Marianna is my crew lady whom I mentioned earlier. She has been on ocean voyages before but only in the tropics...nothing quite like she has experienced on the first leg of this trip. I explain more shortly.
But, first I thought that it may be a good idea to show you the intended route graphically. I have changed it slightly on the suggestion of a good friend who has sailed into Darwin many times. Rather than divert to there we will call into West Timor for fresh supplies.
OK...back to Marianna. When we left Lyttelton early Tuesday morning 15th May the conditions were benign with a light breeze and sunshine with a 1.5 meter swell from the North East. As the day wore on we started picking up the beginning of the southerly expected which was anticipated to be around 25 knots.
However, later in the evening the conditions began to deteriorate, and at 9pm the first somewhat mild gale came through with sustained winds of 35 knots and gusts up to 40 knots. Unfortunately it also rained and the temperatures were close to freezing, and so it was bloody cold. But, it was my shift on so Marianna was wrapped up warmly in her berth.
By 10pm when it was Marianna shift the wind had settled down to a comfortable low 30's. Marianna kept watch (if that is what you can call it given there was no moon and no stars and zero visibility). Anyway, at 3am I started my shift and Marianna went to get some sleep. About 5am about 30 miles south of Cape Campbell the second gale hit us at storm force. Winds were sustained at around 44 - 45 knots and rising at times to 50 knots.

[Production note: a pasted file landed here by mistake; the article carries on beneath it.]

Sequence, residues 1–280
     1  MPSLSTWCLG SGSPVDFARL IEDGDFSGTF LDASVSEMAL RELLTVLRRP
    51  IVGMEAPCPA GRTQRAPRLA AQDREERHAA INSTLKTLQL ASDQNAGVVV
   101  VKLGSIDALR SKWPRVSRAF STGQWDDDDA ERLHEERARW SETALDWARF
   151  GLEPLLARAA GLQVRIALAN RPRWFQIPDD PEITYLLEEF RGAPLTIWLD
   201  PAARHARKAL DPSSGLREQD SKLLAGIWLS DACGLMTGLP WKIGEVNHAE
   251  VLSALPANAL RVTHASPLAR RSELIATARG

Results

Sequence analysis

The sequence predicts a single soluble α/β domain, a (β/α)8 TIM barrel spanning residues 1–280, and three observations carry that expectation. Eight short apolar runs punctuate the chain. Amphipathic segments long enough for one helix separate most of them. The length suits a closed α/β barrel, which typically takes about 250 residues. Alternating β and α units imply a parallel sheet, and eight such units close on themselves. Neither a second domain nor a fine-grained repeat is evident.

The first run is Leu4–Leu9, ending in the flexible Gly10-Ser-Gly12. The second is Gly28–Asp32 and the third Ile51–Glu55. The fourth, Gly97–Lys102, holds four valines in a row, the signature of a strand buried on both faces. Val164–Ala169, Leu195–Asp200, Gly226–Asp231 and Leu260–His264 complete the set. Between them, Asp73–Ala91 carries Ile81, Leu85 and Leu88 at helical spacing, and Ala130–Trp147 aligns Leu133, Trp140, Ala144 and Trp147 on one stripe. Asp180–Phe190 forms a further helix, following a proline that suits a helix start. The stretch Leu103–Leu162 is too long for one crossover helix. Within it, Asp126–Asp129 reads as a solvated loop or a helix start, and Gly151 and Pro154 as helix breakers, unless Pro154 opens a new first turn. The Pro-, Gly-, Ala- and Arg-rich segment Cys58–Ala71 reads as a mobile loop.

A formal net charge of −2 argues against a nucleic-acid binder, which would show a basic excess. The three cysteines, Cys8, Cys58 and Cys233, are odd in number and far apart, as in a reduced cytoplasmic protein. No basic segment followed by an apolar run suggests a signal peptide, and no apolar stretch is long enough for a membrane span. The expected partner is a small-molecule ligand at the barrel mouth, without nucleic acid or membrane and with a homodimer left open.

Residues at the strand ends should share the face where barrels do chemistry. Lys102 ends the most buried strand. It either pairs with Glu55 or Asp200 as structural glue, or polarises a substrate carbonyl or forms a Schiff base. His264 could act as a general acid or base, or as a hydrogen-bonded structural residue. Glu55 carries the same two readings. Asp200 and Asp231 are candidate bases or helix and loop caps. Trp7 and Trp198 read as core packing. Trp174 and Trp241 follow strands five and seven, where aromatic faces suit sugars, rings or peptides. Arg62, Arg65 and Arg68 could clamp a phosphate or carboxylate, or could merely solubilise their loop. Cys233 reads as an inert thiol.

The seas and winds were slightly to on the aft port quarter and we were doing a lot of surfing with speeds reaching 13 knots. Couldn't see what the seas were like because of zero visibility. However, from the reflection of the nav lights I could see the breaking tops of waves behind us which looked like they would tumble down on to the aft deck...but, they never did. Instead they just broke and slid underneath the boat.
When surfing down the waves there was only a few occassions in which green water came through the slates on the deck. The bows raised nicely and the boat tracked well. I wonder how big a role the bulbs played in helping the bows lift so well.
Also, not once did we have any crashing underneath the cockpit.
Conditions were predicted to get worse over the following 24 hours so I decided to take shelter on the lee side of Cape Campbell and anchor whilst the rest of the storm passed.
Back to Marianna...she came back on deck about 6am but it was not until it started getting light around 7am that she could see the state of the sea conditions, which would be pretty scary if you have not experienced it before. However, instead of Marianna being frightened she was thrilled because she had no idea when she was in her berth how big the seas were and any reservations she may have had about the boat being caught in bad conditions evaporated. In fact, if it hadn't been so damm cold it would have been fun.
Although we had a sea anchor and a drogue the conditions were still a long way away from even having to consider the deploying of either.
I am completely confident that even in sustained 60 knot winds from the aft quarter that having the aft main sail reefed and the jib reefed and putting a drogue out would give a comfortable and safe ride.
We however found that one of our lockers in the cockpit containing electrical gear was not sealed well and water got in and found its way down the leg of one of the motors which stuffed it. So, we headed for Picton which is where we are now replacing the motor...which fortunately I had a spare of.